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Neighbourhood planning

Neighbourhood planning: Communities, networks and governance

Nick Gallent
Steve Robinson
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  • Book Info
    Neighbourhood planning
    Book Description:

    Neighbourhood planning offers a critical analysis of community-based planning activity in England, framed within a broader view of collaborative rationality and its limits. From the recent experience of drawing up parish plans, and attempts to connect these to formal policy frameworks, it identifies lessons for future planning at the neighbourhood scale. It is not a manual on community planning practice, nor does it provide a formula for producing parish or neighbourhood plans. But in the context of the latest 'localism' agenda in England it, first, examines the potential contribution of neighbourhood planning to building a 'collaborative democracy' and, second, asks how much movement towards genuine local partnership, and consensus around development decisions, can be achieved through the rescaling of 'statutory' planning as opposed to expending greater effort locally on building stronger relationships, and generating trust, between 'people and planning'

    eISBN: 978-1-4473-0008-3
    Subjects: Political Science

Table of Contents

  1. List of figures, images and table
    (pp. vi-vi)
  2. Part One: Democracy, planning and localism

    • ONE Introduction
      (pp. 3-8)

      The Conservative–Liberal Democrat coalition government, in power since the UK General Election of 2010, has presented ‘localism’ as a clear alternative to over-centralised decision making – and as an antidote to dissatisfaction with existing democratic processes – to be delivered partly through a return of responsibility to ‘town halls’ and partly through a localisation of planning to the community, or ‘neighbourhood’, level. But localism is not a new concept and ‘modern’ community-based planning and activism have been around for many decades. Wherever neighbourhoods face the prospect of unsettling or disturbing change, or wish to grasp an opportunity, champions of ‘community interest’...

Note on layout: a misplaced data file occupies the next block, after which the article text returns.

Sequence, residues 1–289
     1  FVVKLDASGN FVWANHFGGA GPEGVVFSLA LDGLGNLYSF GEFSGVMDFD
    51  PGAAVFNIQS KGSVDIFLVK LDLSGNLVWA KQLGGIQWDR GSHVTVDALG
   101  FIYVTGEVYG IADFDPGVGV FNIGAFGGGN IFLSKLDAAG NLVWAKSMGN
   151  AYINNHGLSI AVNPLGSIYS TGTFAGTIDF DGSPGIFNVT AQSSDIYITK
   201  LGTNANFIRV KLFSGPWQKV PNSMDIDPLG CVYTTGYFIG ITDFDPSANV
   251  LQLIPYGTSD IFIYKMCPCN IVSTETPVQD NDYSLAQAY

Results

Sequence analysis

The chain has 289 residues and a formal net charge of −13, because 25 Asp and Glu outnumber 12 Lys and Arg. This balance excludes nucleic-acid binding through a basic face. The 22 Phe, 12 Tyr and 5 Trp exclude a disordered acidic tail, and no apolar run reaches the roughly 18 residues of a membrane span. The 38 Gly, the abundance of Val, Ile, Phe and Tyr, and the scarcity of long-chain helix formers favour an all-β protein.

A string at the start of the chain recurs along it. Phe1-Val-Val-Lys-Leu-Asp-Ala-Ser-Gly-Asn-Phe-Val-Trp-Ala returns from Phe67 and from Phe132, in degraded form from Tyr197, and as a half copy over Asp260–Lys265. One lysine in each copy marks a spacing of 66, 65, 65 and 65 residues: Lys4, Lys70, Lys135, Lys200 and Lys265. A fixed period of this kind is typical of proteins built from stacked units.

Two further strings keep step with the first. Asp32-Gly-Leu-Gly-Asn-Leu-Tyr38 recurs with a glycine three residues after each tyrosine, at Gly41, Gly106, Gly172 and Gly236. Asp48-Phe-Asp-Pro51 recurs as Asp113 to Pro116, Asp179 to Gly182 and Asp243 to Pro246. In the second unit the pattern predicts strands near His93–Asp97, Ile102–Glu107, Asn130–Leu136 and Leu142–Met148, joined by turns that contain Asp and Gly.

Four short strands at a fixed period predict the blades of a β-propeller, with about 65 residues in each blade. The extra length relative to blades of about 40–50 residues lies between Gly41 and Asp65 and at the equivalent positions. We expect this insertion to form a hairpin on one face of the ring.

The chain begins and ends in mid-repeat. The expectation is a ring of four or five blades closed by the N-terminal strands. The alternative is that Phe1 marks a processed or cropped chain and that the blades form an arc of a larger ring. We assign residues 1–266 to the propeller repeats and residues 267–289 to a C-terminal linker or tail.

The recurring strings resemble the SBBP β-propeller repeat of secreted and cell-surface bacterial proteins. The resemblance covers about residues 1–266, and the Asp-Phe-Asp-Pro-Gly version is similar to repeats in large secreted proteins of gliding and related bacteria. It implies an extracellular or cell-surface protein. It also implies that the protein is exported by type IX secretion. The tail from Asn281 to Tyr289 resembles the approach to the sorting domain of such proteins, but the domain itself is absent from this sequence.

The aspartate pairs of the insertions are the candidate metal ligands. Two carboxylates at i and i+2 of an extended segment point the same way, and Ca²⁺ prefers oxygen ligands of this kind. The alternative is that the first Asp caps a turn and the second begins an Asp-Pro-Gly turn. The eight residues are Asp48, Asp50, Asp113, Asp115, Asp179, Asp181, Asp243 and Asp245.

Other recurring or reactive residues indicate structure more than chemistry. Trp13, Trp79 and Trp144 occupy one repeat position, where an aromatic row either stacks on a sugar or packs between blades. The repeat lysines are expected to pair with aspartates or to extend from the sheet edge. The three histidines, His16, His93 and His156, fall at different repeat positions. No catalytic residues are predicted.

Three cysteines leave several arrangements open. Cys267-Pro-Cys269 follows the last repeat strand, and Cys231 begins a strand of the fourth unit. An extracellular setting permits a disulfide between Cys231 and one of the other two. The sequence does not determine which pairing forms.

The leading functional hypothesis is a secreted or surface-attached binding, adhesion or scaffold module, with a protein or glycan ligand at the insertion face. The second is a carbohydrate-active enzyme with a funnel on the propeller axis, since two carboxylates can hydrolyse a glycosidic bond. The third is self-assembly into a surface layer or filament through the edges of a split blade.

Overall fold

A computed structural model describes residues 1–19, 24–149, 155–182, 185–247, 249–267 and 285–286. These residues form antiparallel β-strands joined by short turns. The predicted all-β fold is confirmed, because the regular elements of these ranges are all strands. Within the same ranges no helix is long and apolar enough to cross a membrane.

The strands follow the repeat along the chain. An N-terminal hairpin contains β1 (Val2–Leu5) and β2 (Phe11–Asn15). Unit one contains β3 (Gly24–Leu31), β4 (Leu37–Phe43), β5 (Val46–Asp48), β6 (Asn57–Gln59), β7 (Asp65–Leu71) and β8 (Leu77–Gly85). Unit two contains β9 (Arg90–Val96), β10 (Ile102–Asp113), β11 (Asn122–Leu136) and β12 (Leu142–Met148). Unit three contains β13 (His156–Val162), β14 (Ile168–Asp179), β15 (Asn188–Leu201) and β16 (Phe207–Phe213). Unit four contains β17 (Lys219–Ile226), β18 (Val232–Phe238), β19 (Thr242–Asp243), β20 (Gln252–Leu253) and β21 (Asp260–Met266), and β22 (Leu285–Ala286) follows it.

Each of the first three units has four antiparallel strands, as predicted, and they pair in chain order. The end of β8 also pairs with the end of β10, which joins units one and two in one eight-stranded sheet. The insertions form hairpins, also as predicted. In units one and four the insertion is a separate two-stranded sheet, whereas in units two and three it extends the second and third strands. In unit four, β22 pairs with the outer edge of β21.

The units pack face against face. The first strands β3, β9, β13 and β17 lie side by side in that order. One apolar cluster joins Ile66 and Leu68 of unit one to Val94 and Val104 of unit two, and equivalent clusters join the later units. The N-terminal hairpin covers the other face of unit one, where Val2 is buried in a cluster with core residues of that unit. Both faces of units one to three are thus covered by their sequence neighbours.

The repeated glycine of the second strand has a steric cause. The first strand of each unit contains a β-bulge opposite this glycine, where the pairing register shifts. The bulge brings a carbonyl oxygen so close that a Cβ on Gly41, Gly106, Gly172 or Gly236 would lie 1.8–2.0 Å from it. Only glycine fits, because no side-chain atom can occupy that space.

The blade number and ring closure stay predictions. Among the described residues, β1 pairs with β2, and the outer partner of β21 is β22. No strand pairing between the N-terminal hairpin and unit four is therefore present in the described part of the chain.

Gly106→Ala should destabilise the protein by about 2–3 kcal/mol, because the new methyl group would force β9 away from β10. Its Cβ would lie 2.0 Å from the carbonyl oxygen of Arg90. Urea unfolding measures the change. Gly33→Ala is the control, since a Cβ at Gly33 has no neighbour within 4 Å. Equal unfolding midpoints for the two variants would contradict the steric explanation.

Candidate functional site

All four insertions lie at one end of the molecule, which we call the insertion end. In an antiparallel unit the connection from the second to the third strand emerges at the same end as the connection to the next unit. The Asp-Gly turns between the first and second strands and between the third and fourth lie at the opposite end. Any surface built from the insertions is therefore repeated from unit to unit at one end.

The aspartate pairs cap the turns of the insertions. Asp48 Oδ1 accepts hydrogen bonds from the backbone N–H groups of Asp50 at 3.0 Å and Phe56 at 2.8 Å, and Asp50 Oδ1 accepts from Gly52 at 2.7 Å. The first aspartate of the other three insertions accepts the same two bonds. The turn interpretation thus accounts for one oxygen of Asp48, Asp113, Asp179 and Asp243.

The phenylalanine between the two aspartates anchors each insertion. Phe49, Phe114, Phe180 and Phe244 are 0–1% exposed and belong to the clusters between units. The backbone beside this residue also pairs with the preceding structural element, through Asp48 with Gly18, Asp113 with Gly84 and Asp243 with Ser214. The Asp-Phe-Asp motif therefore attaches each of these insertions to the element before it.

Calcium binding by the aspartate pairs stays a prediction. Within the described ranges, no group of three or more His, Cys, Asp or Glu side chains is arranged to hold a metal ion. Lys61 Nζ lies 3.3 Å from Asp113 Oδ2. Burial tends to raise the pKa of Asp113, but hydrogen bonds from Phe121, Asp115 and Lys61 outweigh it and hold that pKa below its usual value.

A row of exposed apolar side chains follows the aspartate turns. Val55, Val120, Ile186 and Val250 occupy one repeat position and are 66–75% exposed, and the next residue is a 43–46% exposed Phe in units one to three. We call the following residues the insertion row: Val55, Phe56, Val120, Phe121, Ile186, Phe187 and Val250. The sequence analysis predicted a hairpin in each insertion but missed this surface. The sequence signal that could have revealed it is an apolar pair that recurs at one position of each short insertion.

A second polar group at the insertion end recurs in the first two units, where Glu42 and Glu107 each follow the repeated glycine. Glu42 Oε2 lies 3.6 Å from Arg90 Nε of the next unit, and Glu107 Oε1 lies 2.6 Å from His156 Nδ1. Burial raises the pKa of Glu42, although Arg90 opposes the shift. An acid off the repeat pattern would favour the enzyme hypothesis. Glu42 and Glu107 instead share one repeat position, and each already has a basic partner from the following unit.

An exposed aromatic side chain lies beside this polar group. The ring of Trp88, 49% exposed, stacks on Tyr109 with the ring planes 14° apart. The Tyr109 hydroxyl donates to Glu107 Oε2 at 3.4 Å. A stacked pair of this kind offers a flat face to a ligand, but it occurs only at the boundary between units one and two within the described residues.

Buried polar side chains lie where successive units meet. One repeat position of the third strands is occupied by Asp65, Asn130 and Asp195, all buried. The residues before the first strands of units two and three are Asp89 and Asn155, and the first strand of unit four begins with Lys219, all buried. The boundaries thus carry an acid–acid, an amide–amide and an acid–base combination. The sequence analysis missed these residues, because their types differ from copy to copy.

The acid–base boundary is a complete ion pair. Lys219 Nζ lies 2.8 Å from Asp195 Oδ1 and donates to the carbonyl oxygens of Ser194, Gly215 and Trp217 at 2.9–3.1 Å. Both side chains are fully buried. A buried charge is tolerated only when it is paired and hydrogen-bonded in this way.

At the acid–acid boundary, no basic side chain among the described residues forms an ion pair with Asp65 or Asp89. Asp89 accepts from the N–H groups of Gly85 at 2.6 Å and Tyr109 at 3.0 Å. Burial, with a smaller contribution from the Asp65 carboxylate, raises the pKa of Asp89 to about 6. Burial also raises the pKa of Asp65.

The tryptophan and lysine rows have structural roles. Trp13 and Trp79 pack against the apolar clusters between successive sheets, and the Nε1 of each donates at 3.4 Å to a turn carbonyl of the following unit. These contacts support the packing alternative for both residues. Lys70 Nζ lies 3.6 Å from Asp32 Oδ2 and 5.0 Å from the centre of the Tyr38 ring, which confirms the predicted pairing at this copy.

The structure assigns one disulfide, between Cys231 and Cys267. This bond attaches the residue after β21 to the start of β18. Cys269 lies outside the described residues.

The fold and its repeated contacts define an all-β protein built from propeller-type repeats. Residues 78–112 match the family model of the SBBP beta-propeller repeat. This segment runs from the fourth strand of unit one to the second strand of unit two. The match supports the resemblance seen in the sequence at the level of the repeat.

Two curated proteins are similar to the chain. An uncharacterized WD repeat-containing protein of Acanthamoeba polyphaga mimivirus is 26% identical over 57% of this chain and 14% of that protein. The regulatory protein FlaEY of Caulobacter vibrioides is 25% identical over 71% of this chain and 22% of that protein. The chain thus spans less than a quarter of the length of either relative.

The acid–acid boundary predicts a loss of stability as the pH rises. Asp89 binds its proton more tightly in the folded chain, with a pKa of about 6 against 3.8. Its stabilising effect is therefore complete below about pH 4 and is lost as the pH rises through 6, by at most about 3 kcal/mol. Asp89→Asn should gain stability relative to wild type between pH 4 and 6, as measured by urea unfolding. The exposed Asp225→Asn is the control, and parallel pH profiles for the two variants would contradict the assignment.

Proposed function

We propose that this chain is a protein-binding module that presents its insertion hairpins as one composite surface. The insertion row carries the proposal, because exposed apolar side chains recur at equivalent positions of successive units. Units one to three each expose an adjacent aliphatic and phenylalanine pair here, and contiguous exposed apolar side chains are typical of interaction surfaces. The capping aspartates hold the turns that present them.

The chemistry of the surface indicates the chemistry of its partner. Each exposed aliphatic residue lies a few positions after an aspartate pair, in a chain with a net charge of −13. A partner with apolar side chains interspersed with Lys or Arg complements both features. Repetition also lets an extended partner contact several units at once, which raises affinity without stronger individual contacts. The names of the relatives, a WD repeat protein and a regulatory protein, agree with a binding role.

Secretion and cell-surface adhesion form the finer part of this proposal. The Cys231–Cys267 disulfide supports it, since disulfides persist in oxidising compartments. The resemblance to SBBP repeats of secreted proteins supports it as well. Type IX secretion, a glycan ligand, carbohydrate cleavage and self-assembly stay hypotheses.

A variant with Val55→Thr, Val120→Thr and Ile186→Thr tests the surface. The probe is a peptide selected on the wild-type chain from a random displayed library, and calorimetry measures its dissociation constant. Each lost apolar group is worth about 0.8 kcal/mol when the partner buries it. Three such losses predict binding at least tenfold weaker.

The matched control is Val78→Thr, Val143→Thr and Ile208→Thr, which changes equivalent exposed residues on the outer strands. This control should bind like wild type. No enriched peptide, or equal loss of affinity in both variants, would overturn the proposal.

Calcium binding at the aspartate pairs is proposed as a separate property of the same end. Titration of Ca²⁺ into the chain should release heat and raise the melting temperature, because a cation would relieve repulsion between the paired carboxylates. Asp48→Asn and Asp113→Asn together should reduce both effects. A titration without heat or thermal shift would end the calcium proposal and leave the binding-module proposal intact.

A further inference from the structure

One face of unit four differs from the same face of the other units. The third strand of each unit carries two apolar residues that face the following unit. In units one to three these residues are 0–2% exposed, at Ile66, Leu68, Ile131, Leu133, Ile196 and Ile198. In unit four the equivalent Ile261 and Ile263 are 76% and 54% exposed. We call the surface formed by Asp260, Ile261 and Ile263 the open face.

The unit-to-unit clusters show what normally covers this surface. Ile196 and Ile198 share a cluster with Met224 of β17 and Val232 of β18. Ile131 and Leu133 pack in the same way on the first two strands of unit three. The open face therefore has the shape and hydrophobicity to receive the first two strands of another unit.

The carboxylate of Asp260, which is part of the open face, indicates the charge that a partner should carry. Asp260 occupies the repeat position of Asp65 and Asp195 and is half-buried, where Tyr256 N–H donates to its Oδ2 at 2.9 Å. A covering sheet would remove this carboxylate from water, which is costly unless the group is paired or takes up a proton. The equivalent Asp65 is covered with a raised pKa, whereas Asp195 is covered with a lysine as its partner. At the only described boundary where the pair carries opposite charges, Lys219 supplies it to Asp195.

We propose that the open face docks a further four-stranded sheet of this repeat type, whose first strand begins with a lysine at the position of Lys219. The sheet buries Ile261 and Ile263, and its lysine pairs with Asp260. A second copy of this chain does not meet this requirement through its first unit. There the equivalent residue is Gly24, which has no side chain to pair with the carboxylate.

• TWO Democratic renewal, planning and housing growth in England
      (pp. 9-22)

      The political and policy framework in which local government operates, and which determines its relationship with key policy actors and with community and interest groups, has been heavily amended over the last 15 years. Successive Labour governments from 1997 drove forward a programme of state modernisation and local government reform that appeared to challenge executive forms of ‘top-down’ control, by centralised departments and agencies, giving momentum instead to collaborative and participative forms of ‘governance’, characterised by bottom-up input into decision-making processes by a range of local actors from across the public, private and voluntary sectors. Labour’s reform programme, carried forward...

    • THREE Localism and its antecedents
      (pp. 23-36)

      The ‘localism’ of the UK coalition government is rooted in some of the ideas introduced in the last chapter. It connects with a participatory and collaborative (or ‘iterative’) understanding of how the structures of governance should function (Corry and Stoker, 2002; Stoker, 2004, 2007) and, like other collaborative approaches that operate at the interface with ‘communities of interest’, is viewed as an antithesis to centralised control, exerted through executive decision-making structures. With individualisation and globalisation as its backdrop, it is presented as the means to achieve democratic renewal and to rebuild trust between policy communities and communities of interest. Local...

    • FOUR Community-based planning and plans
      (pp. 37-50)

      The experience of producing and usingparish plansin England provides the empirical focus of this book. It is this experience, along with the community governance context for parish plans, that is held up as a mirror to the emerging process of neighbourhood development plan production, introduced at the end of this chapter. It is also this experience that exposes some of the frailties of democratic renewal rooted in networked governance, and the realities of community groups struggling to make their voices heard in the shadow of growth and the context of apparently overwhelming strategic priority. Here, we introduce some...